Snr Sergeant Ewan Findlater is awarded the Meritorious Service Medal by Assistant Commissioner Alistair Dawson.
Snr Sergeant Ewan Findlater is awarded the Meritorious Service Medal by Assistant Commissioner Alistair Dawson. Chris Ison ROK161116cpolice1

Life on the highway makes Ewan Findlater happy

HE'S donned the blue uniform for almost 30 years and admits that even he gets blasé about the dangers of being a motorist.

Officer in Charge of the Rockhampton Road Policing Unit Senior Sergeant Ewan Findlater was today awarded the Queensland Police Meritorious Service Medal.

Superintendent Ron Van Saane, in presenting the medal, said Snr Sgt Findlater has been an inspirational leader, performing a professional and ethical role.

Talking with The Bulletin after the ceremony, Snr Sgt Findlater said it was only after one of their own colleagues is injured in the line of duty are they reminded "it could go bad really easily”.

"Probably one that impacted me the most was one of my sergeants, Dan Beasy (Deniel Beasy) who was on the motorbike up north of Proserpine,” he said.

Read about Sergeant Deniel Beasy's story here: HORRIFIC CRASH: 'I thought that was the end of my life'

"The initial reports we got from that were not good for him. It was that he was probably going to die.”

Snr Sgt Findlater said that was particularly hard for him as Dan wasn't just a colleague, but he is also a friend.

"But any time you see a police officer get involved in anything like that, it certainly brings home the dangers of it,” he said.

"We get a bit blasé about it. We do it every day. We hop in the car. We drive up the road. We do a u-turn in front of trucks and just to do what we do. It (a police officer involved in a crash) reminds you it could go bad really easily. It keeps you focused.”

And it's not just injured police officers that brings the dangers of motoring home.

"I've been to some horrific fatal crashes. It's quite horrendous what can happen to people, to human bodies, in crashes, particularly when they involve children,” Snr Sgt Findlater said.

"It was probably more so once I became a father myself and I had my own kids... It becomes a lot more realistic. You feel it a lot more.”

Despite the dangers of the job, Snr Sgt Findlater has no plans of going anywhere.

"I think I like the fact that we just hop in a car and just go and do our work,” he said.

" (You) do a lot of highway patrols. So one day you are up north and the next day you might be down the beach working down there. There's a lot of variety which is good.

"....if I can keep doing this for the next 10 years or so that I've got left, I will be more than happy.”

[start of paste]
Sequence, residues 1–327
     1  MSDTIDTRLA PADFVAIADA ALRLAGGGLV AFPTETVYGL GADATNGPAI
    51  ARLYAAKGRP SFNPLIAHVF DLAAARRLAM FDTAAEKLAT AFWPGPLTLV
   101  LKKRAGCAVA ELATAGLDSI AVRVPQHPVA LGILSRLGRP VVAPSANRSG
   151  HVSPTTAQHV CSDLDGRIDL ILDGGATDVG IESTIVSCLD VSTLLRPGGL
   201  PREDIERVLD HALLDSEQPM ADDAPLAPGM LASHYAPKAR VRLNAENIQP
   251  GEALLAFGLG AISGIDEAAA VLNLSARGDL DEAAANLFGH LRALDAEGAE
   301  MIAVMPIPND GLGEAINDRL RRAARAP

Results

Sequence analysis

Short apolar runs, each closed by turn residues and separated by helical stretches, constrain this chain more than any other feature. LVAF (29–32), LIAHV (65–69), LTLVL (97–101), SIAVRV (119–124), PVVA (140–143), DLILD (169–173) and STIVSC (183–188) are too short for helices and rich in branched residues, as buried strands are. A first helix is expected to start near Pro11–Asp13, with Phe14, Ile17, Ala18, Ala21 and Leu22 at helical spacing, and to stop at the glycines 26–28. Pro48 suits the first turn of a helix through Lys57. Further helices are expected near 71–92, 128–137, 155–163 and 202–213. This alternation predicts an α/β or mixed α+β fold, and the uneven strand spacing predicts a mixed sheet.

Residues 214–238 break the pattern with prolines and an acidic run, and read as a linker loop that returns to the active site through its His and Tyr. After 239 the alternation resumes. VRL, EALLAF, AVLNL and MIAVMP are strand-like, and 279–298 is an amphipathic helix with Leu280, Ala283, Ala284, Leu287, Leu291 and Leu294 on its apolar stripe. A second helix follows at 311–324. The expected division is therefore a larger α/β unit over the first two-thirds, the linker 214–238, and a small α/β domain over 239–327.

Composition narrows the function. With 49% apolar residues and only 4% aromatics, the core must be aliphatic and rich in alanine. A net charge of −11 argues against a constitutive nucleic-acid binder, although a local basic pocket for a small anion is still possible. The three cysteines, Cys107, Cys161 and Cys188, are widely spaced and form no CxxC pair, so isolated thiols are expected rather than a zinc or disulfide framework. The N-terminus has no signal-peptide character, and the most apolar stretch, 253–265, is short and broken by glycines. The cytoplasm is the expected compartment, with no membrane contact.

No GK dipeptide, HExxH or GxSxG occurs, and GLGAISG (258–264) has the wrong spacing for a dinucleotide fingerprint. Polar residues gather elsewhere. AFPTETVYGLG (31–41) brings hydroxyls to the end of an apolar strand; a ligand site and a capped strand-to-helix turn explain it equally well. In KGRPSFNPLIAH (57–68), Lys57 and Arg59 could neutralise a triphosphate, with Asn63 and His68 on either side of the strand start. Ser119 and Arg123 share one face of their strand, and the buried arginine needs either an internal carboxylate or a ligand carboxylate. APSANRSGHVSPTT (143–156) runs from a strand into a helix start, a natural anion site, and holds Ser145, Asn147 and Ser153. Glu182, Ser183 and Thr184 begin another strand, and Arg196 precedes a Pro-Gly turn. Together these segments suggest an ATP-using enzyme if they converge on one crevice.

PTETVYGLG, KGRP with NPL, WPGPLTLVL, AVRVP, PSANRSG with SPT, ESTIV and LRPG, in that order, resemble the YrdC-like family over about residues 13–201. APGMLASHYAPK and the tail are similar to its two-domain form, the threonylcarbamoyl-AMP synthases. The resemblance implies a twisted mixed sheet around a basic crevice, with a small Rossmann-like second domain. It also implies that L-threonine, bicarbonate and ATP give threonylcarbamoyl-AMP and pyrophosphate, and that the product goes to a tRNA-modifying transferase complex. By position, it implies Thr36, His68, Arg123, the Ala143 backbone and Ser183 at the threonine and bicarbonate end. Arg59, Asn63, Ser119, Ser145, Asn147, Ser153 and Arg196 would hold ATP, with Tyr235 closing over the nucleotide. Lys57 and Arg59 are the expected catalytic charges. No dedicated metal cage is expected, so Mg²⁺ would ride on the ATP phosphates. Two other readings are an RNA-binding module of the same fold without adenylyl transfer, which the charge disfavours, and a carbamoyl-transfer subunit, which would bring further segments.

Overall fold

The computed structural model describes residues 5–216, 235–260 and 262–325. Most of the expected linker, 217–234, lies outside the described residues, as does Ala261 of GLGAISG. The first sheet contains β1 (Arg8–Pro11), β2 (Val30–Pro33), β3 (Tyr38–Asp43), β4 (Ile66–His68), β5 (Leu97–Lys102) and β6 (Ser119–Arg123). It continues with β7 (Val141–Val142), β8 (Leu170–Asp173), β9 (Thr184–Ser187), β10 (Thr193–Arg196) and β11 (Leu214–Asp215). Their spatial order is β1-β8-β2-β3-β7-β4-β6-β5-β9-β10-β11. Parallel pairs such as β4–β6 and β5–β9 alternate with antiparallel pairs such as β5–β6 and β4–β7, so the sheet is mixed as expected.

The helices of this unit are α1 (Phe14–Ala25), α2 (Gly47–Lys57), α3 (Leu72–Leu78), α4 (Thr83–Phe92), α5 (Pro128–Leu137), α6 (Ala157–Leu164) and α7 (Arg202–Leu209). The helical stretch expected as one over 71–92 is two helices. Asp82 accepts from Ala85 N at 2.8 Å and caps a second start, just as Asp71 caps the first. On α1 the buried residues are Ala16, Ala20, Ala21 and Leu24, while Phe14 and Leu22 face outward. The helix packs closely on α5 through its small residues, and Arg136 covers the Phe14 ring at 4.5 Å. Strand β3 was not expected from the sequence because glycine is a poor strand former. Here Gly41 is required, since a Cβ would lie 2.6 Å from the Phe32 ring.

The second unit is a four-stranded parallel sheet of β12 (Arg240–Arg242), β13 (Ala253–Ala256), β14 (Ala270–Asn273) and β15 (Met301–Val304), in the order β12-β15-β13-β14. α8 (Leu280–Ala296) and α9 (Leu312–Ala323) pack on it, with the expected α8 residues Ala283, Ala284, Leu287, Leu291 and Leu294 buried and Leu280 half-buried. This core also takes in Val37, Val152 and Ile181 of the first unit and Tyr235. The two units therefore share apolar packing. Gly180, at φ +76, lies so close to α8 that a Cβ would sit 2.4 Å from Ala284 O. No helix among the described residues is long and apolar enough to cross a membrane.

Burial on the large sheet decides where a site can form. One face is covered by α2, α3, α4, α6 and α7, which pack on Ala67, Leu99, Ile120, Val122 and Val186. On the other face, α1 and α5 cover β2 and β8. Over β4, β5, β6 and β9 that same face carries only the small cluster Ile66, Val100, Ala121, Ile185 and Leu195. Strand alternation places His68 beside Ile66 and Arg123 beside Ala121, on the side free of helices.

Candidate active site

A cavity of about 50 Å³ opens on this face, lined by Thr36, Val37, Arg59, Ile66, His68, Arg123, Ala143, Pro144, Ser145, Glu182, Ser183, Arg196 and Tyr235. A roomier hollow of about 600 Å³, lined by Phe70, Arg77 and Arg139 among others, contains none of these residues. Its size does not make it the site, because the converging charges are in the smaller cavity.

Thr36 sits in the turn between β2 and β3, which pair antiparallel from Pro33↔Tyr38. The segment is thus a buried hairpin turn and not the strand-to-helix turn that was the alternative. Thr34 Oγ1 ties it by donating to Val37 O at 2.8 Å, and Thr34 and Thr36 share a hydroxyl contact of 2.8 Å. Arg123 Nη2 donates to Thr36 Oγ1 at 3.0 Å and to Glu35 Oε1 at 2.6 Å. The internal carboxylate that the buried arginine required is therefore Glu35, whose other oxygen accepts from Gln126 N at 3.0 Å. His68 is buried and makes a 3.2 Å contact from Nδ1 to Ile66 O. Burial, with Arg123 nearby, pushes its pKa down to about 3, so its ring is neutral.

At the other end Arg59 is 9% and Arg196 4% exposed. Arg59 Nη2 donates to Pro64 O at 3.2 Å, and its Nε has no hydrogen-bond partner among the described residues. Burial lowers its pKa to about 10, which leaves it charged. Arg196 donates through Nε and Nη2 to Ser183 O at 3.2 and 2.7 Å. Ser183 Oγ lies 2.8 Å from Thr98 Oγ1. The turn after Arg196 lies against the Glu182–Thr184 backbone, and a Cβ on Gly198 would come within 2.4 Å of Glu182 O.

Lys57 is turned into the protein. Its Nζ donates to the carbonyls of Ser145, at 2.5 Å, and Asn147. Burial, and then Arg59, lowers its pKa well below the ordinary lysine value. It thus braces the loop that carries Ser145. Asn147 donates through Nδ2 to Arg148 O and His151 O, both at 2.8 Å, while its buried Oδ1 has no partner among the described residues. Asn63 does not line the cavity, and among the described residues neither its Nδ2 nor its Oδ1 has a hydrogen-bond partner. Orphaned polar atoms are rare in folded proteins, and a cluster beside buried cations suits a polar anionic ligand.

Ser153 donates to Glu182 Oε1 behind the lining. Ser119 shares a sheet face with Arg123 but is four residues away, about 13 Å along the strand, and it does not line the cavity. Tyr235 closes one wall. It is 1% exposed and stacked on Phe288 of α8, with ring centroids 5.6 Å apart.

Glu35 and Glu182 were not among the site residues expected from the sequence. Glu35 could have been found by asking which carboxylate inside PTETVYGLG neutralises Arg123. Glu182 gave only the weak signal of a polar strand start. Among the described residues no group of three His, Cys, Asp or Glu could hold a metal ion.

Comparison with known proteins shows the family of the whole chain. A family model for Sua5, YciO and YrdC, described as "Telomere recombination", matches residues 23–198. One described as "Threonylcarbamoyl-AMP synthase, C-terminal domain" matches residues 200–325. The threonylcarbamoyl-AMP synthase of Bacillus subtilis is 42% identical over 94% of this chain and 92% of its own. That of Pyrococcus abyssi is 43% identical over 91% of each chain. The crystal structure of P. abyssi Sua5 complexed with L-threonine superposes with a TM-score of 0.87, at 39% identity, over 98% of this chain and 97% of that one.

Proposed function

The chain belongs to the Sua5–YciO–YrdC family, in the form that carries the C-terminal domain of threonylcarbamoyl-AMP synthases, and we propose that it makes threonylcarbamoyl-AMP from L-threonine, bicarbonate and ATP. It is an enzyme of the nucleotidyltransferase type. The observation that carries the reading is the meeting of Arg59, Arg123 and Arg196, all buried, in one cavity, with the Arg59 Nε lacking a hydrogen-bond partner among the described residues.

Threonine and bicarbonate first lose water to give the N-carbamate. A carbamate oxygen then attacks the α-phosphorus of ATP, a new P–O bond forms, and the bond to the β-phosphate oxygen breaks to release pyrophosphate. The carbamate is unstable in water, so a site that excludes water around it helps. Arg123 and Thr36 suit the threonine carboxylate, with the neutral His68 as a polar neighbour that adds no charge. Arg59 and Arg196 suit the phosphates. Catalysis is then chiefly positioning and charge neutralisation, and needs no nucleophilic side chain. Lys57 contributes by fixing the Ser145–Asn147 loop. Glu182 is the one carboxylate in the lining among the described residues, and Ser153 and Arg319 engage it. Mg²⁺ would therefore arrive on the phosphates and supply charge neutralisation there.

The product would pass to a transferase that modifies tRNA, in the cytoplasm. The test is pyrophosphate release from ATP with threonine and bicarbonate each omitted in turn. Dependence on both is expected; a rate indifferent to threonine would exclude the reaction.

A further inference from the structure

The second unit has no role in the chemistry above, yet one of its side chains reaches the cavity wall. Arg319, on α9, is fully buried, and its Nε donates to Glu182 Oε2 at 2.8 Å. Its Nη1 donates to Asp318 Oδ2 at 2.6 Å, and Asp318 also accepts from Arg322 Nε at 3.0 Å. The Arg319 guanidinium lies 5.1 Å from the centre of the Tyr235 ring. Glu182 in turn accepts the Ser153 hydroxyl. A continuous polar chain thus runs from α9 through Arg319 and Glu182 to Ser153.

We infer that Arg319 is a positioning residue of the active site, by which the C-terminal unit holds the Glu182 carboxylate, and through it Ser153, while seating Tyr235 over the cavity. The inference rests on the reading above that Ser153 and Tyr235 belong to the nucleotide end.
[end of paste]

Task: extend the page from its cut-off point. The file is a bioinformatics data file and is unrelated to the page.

For the Rockhampton-born police officer, it wasn't always 'hop in the car and drive up the highway'.

When he joined Queensland Police in the mid 80s, he had lead a sheltered life. That is, until his first posting - the Gold Coast.

"Everything happened on the Gold Coast so I got exposure to a lot of different sides of policing,” Snr Sgt Findlater said.

He said there was a lot of alcohol related offences, petty crime and dead bodies.

"A lot of people retired on the Gold Coast and unfortunately die. I seemed to catch a lot of those sort of things,” Snr Sgt Findlater said.

As for the petty crime down there in the late 1980s, he said you would go "all day from break and enter to break and enter to someone having something stolen”.

"It was always very busy and full on,” Snr Sgt Findlater said.

He didn't stay long on the Gold Coast (April 1987 - April 1988).

"I went to Expo. My whole squad got taken back to Brisbane and worked at Expo in '88,” Snr Sgt Findlater said.

"That was quite a remarkable experience actually to have the whole world there in Brisbane.

"I did sometime at Expo and a couple of suburban stations in Brisbane and came back to Rockhampton. And I've been here ever since.”

He said one of the things that has changed since he started was the way staff were looked after if they had responded to a traumatic incident.

"We have quite an extensive support network these days. It's gotten better over the years. Initially, there wasn't a lot. What is available to us (now) is immense,” Snr Sgt Findlater said.

"If someone is struggling, there are plenty of places they can go and get that help.

"I've been fortunate it hasn't, I don't think it has... maybe it has... I haven't had too much adverse reaction to it. It's never an enjoyable thing but I guess it's part of the job, you deal with it and you move on.”

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